consoled Celetuia as well as the could, or, band, yet her virtue renained unshaken in rather, me sympathised in her distress, and the height of all
her persecutions. proposed separation from a man fo unworthy A young Officer, whose winter-quarters of her ; but she, who still loved her hus, were in Sorain's neighbourhood, happening band, rejected these offers, and took no o to hear, from one of his discarded fervants, ther resolution than lamenting and suffering, of his wife's ill-treatment and distress, rein private, her affliction.
solved 10 be her Deliverer. He asked, If it The mother and daughter were still toge was possible to see her? And, being told ther, when Sotain arrived. He took um that the never quitted her apartment, but to brage at it, and his ill-humour broke out go to Mass, wi.ich was said in a chapel of against both.
The mother seemed, at first, the Castle, he studied with himself how to as if she did not understand hin, and step- surmount all obstacles, which served but to ped out, taking leave ; but, dreading fome animate him the rrore in his enterprise. He mishap to her daughter, she immediately re- disguised himself in the dreis of an Abbe, turned, and stood for a moment behind the and, the Sunday following, he repaired to door of her chamber. She heard Sotain ut- the road that led from the parish ti Sotain's ter horrible oaths, asking Celenia, if her Castle. As foon as he perceived the pricit, mother had properly instructed her to clole who was going to say Nafs for Celenia, he the eyes of a husband; at what time, with made up to, and alked him for an alms, whom, and in what place, they had agreed telling him he was a poor Ecclesiastic, newly to be at the rendezvous? The wife answered come from Rome. The priest proposed his him, That her mother was too prudent to going along with him to ferve his Mass, and give her such advice, and too virtuous to en- promised at his return to give him a breaktertain the least criinina! thought. His an- fast, and something to bear his charges furger was now wound up to its highest pitch; ther. This was exactly what the Cavalier and the wife, who had borne, without mur- wanted. He had the pleasure of seeing the muring, all the ill-treatment of her husband, Lady, whom he found charining ; but he had not the same patience, when he found could attempt nothing that day, and faw her mother abused ; and the brute, meeting himself obliged to withdraw with the priest; now with contradiction, forgot himself to yet without renouncing the project of introfar as to strike her.
ducing himself into Sotain's Castle: The poor Lady began to weep bitterly; He learned that Sotain had served for a but her mother, losing all patience, entered long time in Italy, and that he understood precipitately the room, and took the part of perfectly the language of that country. He her unfortunate daughter. Her presence ir did not doubt but that his jealousy was a dirritated Sotain's anger, who wanted to turn tafe he had contracted there, and, as he her out.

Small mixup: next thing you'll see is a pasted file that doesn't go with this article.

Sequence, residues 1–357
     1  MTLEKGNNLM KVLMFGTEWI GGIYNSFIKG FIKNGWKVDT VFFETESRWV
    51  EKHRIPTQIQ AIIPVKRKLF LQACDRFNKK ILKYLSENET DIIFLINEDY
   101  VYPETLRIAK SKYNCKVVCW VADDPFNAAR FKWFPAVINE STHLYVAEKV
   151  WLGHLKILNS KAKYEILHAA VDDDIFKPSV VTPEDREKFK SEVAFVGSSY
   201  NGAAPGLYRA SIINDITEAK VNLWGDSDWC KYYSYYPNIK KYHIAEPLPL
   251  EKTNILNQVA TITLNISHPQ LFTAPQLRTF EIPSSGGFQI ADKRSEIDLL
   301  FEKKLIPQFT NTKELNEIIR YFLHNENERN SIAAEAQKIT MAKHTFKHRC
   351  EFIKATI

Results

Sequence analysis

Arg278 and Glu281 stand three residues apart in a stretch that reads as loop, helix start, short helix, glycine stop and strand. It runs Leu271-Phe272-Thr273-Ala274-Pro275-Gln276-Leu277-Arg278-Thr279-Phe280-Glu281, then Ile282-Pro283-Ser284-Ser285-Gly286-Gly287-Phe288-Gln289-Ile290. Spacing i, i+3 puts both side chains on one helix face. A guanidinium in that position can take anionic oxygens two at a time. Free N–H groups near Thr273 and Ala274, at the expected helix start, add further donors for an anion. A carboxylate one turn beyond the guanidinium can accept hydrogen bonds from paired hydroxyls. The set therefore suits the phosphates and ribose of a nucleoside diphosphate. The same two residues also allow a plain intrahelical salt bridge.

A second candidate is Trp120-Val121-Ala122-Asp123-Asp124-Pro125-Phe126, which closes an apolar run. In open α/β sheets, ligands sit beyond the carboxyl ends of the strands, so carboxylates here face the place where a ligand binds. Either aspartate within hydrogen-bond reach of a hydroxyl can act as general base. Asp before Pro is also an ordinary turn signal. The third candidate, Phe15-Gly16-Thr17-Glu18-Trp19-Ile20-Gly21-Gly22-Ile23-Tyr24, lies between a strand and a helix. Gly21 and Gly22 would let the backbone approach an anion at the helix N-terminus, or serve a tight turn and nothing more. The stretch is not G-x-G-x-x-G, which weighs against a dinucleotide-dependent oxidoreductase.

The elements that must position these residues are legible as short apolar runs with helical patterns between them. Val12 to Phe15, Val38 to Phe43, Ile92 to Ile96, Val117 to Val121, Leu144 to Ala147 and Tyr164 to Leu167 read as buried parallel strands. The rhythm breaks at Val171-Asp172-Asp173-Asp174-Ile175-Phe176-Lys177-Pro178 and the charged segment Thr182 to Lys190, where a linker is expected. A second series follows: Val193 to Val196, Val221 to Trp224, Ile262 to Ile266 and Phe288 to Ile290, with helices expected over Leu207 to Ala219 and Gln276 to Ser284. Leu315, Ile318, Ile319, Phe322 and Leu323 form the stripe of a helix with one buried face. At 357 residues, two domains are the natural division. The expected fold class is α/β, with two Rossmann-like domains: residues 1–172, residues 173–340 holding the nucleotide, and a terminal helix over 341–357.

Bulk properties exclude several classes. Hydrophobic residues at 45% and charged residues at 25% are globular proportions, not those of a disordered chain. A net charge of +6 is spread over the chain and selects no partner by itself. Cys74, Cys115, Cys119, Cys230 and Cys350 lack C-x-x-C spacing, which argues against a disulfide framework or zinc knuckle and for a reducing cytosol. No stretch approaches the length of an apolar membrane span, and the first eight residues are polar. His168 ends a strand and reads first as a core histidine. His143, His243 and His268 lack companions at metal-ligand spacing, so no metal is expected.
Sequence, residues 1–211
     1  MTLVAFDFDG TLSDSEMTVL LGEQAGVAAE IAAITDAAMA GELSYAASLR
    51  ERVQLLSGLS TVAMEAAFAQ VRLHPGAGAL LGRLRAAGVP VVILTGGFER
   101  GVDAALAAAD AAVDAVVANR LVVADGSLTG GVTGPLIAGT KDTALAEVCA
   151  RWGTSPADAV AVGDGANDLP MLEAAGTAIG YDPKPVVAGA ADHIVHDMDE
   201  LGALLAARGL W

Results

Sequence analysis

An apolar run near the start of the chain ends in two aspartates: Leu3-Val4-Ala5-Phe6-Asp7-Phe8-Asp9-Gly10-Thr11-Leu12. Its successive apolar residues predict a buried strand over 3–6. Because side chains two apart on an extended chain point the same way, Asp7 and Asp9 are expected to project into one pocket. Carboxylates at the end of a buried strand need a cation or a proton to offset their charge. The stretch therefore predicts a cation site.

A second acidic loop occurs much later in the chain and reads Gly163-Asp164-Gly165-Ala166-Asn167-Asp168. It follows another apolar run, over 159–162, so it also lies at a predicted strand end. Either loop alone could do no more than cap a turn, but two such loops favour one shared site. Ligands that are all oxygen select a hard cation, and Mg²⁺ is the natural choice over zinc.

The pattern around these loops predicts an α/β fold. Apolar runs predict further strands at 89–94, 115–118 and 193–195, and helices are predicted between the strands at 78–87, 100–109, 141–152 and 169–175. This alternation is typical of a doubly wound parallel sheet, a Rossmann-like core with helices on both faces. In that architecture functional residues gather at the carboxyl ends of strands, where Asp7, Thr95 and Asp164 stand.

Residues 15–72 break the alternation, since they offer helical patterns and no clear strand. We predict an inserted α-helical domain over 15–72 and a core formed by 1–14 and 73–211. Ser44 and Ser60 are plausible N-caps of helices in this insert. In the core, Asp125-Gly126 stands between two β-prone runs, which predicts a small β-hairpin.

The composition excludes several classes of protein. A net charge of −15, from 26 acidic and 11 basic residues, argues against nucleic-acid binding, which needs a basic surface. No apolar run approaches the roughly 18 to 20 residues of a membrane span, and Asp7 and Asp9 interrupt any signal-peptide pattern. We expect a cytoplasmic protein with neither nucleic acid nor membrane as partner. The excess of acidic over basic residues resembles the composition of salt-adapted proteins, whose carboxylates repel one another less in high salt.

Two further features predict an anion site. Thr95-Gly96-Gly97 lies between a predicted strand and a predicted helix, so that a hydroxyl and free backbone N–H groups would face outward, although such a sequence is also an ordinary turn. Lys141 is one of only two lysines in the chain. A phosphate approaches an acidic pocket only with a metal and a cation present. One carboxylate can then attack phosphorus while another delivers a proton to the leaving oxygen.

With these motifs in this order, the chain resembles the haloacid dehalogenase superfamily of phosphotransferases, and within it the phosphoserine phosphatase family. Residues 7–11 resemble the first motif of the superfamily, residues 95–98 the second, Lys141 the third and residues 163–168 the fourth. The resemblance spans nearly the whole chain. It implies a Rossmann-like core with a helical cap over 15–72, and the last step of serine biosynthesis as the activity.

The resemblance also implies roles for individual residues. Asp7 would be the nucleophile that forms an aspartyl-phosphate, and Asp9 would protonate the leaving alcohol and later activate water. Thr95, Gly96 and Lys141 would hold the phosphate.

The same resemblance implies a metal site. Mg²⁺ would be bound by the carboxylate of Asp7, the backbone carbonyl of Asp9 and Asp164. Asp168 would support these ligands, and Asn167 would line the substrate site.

She stood her ground resolutely, had already deceived some jealous husbands and made so much noise that she brought up of that nation, he hoped to outwit a trenchall the women-fervants to their Mistrets's ar man, attacked with the same disorder, tho' partment, where they heard a full detail of unnatural to him. The whole difficulty the injuries of the son-in-law, and the re- conlisted in having access to his house. He proaches of the mother-in-law, Whilft devised several means, which ail failed; they remained in the house, nothing tran- this at last succeeded. He plucked out what Spired; but, Sotain having imprudently ex little beard he had, and, dressing himself as pelled them, the whole affair took wind, an Italian woman, took his station on one and was in every one's mouth.
of the Christinas holidays at the church-door, In the mean time, Celenia's mother sent where he knew Sotain was to come to the for her husband, whose presence disconcerted service. He came accordingly, and, this Sotain's fury. He brought home with him pretended Italian woman having asked him his wife and daughter, not chusing to leave for an alms in the Italian tongue, he put the latter at the discretion of a inadman. , several questions to her. She answered him, But, the next day, this enraged husband that she came from Florence, and that the came to throw himself at his wife's feet, and was going in queft of a Lady of Quality at conjured her to pardon him what had hap- Paris, whom she had accompanied as far as pened the evening before. After embracing the Alps, where robbers had forced her to a her tenderly, the consented to follow him, feparation from her. She added, that the Love parlons every thing, and, notwith- hoped that this Lady would take care of her, standing the cruelties of Sotain, the heart of because her husband died in her defence. Celenia still sided with the barbarian. She • You are therefore a widow,' said Sotain to continued to suffer the indignitjes of her hul- her. " Yes Sir, answered the, and the